John Paczkowski

Recent Posts by John Paczkowski

Oracle Lands Early Shots in SAP Trial

If SAP finds Oracle’s claim for $2 billion in damages in the pairs’ long-running legal battle to be excessive, the figures offered by former Oracle President Charles Phillips must seem outright profligate.

Testifying in an Oakland, Calif., courtroom Thursday, Phillips–who once managed marketing and large-customer relations at Oracle–said his former employer would have charged SAP billions of dollars for a license to use the IP that its TomorrowNow subsidiary illegally downloaded. For something like that, Phillips said, you “would ask for $3 billion or $4 billion and you’d want it up front.”

A nasty blow for SAP, which contends it owes Oracle only $40 million. And only the first of several struck yesterday.

In a videotaped deposition shown to jurors, former SAP executive board member Shai Agassi testified that SAP acquired TomorrowNow in the hopes of taking maintenance revenues away from Oracle. Worse, he said the company was well aware of the risk that Oracle would sue over the acquisition. “There’s always a chance Oracle could sue,” he said. “Oracle would sue if we dripped sandwich sauce on its lawn.”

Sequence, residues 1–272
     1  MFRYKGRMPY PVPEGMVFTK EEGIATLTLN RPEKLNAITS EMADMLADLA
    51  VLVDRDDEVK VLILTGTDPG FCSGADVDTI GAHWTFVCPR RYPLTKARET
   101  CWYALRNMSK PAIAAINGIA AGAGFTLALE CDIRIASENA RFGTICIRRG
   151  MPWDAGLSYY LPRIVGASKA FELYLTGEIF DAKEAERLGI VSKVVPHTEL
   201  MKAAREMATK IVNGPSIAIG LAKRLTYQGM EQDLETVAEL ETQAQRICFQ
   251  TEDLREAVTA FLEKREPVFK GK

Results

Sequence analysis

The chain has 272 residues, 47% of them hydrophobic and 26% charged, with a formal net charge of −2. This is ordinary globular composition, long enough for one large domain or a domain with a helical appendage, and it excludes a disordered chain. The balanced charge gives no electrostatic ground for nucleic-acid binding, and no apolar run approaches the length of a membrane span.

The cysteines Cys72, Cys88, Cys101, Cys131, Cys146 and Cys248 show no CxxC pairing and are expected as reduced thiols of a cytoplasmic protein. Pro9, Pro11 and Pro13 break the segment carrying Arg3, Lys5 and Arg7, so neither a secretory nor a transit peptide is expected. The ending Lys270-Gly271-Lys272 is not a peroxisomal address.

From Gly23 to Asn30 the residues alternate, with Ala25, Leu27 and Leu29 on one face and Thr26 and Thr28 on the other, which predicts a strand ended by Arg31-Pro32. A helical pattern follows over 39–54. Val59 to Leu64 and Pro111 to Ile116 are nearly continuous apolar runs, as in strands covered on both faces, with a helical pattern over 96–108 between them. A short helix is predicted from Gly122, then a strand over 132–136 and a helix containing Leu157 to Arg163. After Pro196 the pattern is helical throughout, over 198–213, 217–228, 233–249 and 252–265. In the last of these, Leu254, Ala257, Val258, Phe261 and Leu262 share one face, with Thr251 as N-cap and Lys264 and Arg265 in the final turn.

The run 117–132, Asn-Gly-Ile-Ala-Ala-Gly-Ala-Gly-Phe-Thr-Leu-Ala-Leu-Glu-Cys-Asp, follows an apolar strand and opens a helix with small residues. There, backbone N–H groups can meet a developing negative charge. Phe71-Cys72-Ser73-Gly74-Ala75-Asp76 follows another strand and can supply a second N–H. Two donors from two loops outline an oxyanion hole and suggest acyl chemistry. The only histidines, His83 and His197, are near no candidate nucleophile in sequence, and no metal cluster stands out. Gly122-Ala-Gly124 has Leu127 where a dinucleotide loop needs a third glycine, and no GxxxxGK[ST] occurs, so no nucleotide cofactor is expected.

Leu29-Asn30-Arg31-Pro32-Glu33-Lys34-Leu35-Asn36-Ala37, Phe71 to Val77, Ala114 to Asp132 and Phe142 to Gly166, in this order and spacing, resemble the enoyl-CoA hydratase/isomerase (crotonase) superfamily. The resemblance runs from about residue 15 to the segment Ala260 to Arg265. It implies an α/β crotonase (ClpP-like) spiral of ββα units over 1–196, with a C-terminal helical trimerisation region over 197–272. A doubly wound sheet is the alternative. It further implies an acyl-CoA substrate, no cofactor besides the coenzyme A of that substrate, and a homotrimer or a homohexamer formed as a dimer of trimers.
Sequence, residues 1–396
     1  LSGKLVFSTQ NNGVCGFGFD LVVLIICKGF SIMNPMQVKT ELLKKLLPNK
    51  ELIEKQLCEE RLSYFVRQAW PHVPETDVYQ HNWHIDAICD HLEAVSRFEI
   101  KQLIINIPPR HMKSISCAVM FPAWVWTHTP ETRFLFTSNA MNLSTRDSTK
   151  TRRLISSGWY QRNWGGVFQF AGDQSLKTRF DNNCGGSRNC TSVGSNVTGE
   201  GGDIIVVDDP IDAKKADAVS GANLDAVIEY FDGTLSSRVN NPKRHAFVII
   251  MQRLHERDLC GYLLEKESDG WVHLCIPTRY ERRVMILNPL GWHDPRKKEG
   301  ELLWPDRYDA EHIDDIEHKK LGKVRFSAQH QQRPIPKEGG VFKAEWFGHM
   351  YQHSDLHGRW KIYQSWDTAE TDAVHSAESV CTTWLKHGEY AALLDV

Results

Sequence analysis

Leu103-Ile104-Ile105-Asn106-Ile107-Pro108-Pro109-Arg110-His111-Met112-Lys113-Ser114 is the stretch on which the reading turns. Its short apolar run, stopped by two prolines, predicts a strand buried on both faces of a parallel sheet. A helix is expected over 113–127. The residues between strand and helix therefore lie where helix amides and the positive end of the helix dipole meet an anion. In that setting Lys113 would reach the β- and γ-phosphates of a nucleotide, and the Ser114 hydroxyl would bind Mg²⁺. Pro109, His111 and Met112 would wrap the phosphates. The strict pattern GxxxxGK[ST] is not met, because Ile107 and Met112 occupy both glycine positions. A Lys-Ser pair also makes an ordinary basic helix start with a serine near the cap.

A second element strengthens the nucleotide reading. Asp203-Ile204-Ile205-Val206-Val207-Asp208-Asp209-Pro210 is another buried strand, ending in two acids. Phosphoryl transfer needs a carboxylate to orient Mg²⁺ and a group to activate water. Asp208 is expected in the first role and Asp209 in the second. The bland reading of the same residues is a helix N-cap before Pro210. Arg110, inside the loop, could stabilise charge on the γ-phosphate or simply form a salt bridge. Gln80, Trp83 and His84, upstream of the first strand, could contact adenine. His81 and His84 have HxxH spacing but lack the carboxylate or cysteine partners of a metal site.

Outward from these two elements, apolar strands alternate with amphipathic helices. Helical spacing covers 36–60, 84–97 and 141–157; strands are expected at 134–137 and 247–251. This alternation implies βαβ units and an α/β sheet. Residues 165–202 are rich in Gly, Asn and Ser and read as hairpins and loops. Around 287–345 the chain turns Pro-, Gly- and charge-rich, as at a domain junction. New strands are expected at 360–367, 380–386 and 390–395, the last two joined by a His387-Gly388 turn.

Or, as former TomorrowNow developer John Ritchie testified, if it discovered a Web scraper sucking copyrighted materials off its support Web site and “hammering their servers so hard…it was like a denial of service attack.”

Another ugly blow. And then there was this from Agassi, who, in remarks that must have had Hewlett-Packard’s board of directors scrambling for the Mylanta, fingered current HP CEO and former SAP chief Léo Apotheker as one of two executives charged with overseeing TomorrowNow after SAP acquired the company. “I was the guy who led the evaluation together with Werner Brandt,” Agassi said. “[On] the day of the acquisition it was basically moved to [board member] Gerhard Oswald and the sales effort for it was moved over to Apotheker.”

Damaging stuff, anyway you look at it–though this is just one side of the case. Oracle has clearly thrown and landed some roundhouse punches so far, but SAP will have its chance to counter them and throw a few of its own in due time.

Question is, will it still be standing when that time finally comes.

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The problem with the Billionaire Savior phase of the newspaper collapse has always been that billionaires don’t tend to like the kind of authority-questioning journalism that upsets the status quo.

— Ryan Chittum, writing in the Columbia Journalism Review about the promise of Pierre Omidyar’s new media venture with Glenn Greenwald